Then there’s an important problem to solve. Can we directly use the currently classified object as the observer to directly observe? The answer is no. You can try this for yourself. Reason is that when a user in the class also implements the system observeValueForKeyPath KVO accept radio method… The user’s class can no longer receive broadcasts from the system. To solve this problem, we can use a custom class (CCInternalObserver) in the class to act as an observer. This way, even if the user implements a method to receive a broadcast for his class, it will not affect our code. We implement in CCInternalObserver observeValueForKeyPath… When the broadcast arrives, the block to which the context points is called.

The second problem encountered

How do I prevent block memory from being released? How do I manage block memory? There are three types of oc blocks: global block NSGlobalBlock, heap block NSMallocBlock, stack block NSStackBlock. Here, by the way, are some of the differences:

(1) The block type does not refer to any external variables (except static variables), creating an NSGlobalBlock; Except for NSGlobalBlock, when it's created it's an NSStackBlock, and when it's assigned to a strong variable it's an NSMallocBlock, which is also called a copy operation; If the condition of NSStatckBlock is met, you can obtain the NSStatckBlock in either of the following ways: 1. The anonymous block is created when the method is called. The block variable inside the method is NSStatckBlock 2. (2) Memory management: Blocks of type NSStackBlock are released when stack memory is freed. They need to be stored with strong variables before being used; otherwise, they will crash. Blocks of type NSGlobalBlock will not be released; The NSMallocBlock type, like any other reference type, is released when no reference is made; Except for the NSStackBlock type, no other type will duplicate copy when assigning to a variable.Copy the code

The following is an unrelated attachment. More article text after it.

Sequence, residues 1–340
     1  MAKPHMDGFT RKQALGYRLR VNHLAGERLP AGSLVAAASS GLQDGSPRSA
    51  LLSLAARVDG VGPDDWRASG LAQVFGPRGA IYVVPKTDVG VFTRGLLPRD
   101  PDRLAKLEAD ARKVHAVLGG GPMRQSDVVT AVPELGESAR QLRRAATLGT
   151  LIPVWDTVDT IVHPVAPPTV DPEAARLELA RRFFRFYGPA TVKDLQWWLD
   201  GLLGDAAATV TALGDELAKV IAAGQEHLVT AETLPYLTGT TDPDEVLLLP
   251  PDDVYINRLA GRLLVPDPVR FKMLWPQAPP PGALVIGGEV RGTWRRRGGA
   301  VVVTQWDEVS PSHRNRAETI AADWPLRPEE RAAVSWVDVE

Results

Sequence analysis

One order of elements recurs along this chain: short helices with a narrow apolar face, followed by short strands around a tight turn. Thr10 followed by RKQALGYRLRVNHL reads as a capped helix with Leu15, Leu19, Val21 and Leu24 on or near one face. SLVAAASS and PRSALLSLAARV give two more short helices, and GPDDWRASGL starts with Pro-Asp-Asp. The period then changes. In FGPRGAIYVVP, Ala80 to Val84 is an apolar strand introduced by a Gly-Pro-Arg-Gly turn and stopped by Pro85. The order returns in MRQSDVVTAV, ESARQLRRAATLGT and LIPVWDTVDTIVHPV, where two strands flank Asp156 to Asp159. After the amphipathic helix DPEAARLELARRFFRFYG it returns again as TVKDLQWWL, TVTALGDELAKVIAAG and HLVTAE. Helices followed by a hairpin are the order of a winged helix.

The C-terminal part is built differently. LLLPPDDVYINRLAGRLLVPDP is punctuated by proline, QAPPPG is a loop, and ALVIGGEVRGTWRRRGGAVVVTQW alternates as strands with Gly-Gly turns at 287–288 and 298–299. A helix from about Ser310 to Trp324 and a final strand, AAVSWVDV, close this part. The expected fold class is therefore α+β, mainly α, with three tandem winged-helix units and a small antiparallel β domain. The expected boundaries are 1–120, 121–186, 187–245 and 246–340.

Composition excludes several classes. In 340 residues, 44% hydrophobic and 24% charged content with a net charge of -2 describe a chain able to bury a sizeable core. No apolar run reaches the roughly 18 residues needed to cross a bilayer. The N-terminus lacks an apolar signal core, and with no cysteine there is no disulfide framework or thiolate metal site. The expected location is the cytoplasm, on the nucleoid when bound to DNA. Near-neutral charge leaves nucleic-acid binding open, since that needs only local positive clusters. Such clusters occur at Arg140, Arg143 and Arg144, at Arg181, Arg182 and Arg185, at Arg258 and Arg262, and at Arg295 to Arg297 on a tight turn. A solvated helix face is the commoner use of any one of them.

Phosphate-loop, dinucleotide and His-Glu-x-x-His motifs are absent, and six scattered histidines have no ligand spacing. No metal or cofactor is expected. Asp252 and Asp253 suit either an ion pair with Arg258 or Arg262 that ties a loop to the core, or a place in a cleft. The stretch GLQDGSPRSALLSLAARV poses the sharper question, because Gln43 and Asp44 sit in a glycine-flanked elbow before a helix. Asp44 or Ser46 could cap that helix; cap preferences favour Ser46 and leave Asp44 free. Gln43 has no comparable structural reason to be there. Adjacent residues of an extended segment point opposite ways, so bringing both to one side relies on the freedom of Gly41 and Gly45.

The user may pass a block of one of three types. To avoid memory problems, a little extra processing needs to be done when the block is converted to void * before it can be passed to the system’s KVO:

// The block passed in by the user may be an NSStackBlock, so ownership must be transferred to the CoreFoundatin layer when it is converted to an untyped pointer. In this way, the block type is converted to an NSMallocBlock and is held safely
[observe forKeyPath:keyPath options:options context:(__bridge_retained void *)block];

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By the way, self. Observer is the CCInternalObserver mentioned above:)

The third problem

The third problem is how to log off observers. Another problem with the SYSTEM’s KVO function is that it needs to be manually logged out every time it is used up. Otherwise, the observed object will then broadcast messages to the registered observers. EXC_BAD_ACCESS will be raised if the observer is freed from memory. Remove the observer from the observed in time. To solve this problem, create a hash table in the CCInternalObserver that stores all observed, and override the CCInternalObserver’s deALOc method to remove all observations.

Complete code

The core code details have been covered above. The complete code I’ve made into a Category NSObject+ cceasyKvo.h, which I can just plug into the project and use. CCEasyKVO source

Recommended reading

More complex KVO solutions